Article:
One Laptop Per Child (OLPC) organization that develops notebooks for children in developing countries said on Friday that support from Intel Corp. was not substantial and that its extraction from the board of directors would have no impact on the future of low-cost computers for the poor.
“We never really got much going with Intel to have an impact,” said Walter Bender, president of OLPC organization, in an interview with IDG News Services.
After Intel joined the organization in July last year, it initiated development of a low-cost next-generation notebook for OLPC. However, the actual price of the device appeared to be even higher than that of the currently available XO, said Mr. Bender. The executive for OLPC did not reveal whether Intel’s machine was more powerful that the one currently shipping.
“They developed something that, as far as I know, is more expensive and more power-hungry than our current offering, so I'm not quite sure what the point is,” Mr. Bender is reported to have said.
Additionally, Mr. Bender accused Intel of using its OLPC membership for promotion purposes while being not interested in working with the organization on software projects.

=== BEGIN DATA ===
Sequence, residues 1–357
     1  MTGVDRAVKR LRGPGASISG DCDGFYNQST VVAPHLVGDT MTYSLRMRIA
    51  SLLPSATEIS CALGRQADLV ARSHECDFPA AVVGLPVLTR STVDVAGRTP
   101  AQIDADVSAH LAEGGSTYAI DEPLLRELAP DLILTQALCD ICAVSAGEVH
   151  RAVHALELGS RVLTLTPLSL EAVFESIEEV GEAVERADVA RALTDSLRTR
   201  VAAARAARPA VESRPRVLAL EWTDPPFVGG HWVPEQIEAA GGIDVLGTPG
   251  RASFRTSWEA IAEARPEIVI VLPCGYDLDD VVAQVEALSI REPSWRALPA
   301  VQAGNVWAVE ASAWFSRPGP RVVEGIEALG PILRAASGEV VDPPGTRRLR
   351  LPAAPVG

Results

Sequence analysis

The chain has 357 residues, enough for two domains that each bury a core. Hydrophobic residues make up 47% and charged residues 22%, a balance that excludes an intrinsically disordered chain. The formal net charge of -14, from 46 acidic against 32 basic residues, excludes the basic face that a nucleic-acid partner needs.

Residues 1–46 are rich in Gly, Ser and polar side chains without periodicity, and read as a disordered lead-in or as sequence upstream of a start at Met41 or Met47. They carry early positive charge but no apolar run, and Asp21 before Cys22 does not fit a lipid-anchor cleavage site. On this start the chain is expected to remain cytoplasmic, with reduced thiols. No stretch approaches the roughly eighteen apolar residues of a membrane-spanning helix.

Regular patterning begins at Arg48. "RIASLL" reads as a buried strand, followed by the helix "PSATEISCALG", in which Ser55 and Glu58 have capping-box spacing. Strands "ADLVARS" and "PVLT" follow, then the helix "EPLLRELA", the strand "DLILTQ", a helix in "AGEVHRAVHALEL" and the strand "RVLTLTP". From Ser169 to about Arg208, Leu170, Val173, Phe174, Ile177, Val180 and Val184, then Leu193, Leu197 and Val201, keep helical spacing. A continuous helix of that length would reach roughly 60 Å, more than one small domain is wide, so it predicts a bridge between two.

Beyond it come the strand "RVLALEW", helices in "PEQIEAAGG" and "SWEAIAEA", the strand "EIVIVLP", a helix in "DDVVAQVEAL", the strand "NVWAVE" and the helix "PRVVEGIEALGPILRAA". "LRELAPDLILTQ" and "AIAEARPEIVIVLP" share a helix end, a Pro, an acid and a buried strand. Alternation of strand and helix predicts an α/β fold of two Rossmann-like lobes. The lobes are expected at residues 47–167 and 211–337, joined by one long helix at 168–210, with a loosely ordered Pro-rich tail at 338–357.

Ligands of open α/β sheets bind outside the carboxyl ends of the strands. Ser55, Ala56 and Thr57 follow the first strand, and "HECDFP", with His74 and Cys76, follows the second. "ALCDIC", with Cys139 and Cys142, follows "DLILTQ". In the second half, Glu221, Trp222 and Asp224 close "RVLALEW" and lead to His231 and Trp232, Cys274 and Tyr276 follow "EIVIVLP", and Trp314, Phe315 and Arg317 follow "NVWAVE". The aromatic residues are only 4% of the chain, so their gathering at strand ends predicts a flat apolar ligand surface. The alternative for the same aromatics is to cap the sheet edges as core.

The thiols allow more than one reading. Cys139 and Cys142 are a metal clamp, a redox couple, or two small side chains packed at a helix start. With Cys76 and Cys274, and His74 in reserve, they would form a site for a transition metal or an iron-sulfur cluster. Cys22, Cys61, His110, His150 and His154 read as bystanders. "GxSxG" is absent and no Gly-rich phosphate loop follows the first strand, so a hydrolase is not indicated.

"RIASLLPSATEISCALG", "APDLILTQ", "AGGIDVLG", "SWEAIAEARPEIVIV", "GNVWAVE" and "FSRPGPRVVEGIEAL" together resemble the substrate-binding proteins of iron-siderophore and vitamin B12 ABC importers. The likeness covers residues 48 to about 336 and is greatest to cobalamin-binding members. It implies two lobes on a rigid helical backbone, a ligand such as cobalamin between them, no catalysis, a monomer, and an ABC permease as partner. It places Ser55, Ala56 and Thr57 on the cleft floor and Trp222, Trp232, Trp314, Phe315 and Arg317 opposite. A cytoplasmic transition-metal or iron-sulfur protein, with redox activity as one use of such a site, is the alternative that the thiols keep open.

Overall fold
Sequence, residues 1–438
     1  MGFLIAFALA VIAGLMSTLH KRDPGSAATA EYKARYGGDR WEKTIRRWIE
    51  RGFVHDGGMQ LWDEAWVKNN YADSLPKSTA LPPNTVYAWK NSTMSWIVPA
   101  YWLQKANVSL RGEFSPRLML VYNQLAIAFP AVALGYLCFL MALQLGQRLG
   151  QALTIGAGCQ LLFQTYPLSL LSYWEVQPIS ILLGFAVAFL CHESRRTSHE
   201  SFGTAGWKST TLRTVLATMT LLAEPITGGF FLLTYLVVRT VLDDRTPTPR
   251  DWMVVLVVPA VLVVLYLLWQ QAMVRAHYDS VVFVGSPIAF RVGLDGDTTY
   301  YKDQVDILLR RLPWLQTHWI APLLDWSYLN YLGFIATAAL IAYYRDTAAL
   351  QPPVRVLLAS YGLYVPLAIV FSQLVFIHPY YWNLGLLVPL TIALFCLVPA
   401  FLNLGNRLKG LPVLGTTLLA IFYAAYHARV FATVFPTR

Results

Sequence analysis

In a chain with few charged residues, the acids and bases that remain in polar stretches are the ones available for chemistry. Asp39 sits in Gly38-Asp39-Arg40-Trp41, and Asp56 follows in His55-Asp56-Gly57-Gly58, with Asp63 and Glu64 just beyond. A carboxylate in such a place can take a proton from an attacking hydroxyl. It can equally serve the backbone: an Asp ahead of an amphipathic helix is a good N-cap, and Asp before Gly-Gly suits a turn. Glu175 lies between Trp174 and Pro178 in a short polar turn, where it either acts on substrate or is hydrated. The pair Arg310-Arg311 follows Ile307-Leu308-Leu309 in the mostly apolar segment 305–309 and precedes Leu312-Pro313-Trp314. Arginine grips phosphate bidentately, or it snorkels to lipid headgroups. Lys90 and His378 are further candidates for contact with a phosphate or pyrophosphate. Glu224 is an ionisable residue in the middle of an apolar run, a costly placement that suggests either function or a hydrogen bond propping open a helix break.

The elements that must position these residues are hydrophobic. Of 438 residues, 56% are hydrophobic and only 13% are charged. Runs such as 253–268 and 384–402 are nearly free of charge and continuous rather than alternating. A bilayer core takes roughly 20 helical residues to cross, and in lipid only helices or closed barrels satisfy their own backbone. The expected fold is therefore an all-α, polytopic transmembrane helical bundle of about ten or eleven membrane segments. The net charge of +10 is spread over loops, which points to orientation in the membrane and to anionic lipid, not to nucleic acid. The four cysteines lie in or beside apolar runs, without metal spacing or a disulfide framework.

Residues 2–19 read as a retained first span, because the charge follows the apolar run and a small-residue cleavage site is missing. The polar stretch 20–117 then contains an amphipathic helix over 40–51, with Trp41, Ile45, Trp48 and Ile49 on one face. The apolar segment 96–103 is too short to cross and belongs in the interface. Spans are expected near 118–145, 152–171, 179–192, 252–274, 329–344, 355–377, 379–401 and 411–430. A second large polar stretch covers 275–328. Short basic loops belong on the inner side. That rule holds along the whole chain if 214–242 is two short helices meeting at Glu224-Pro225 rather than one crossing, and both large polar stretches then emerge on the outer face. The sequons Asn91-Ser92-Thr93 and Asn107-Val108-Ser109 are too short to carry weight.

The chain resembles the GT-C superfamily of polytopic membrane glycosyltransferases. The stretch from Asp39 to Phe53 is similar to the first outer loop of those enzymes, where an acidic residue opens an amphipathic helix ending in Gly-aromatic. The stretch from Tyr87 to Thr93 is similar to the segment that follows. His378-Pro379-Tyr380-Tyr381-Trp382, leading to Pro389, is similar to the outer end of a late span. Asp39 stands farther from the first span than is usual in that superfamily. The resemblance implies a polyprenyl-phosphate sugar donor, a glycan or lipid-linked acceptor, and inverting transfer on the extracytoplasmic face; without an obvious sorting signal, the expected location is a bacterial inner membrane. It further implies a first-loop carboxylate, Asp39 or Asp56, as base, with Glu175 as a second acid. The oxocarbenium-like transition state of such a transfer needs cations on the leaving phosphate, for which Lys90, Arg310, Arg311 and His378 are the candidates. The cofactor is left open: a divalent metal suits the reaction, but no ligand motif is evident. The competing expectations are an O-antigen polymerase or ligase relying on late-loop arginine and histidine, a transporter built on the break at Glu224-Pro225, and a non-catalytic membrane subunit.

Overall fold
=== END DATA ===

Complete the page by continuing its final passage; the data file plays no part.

“My expectation was that there’s lots of room for cooperation, particularly on software ... [but] I couldn’t get Intel interested in helping me with any of those problems… The only thing they were interested in was helping them make marketing statements about how Intel’s approach to learning was different from OLPC’s approach to learning. They weren’t interested in how we can learn together and make something better for kids,” Mr. Bender reportedly claimed.
Mr. Bended did not confirm whether OLPC demanded Intel to stop promoting its Classmate PC concept as well as supporting other projects with chips for low-end personal computers. However, an unnamed source close to Intel reportedly admitted this and said that the world’s largest maker of chips contributed about $6 million to OLPC.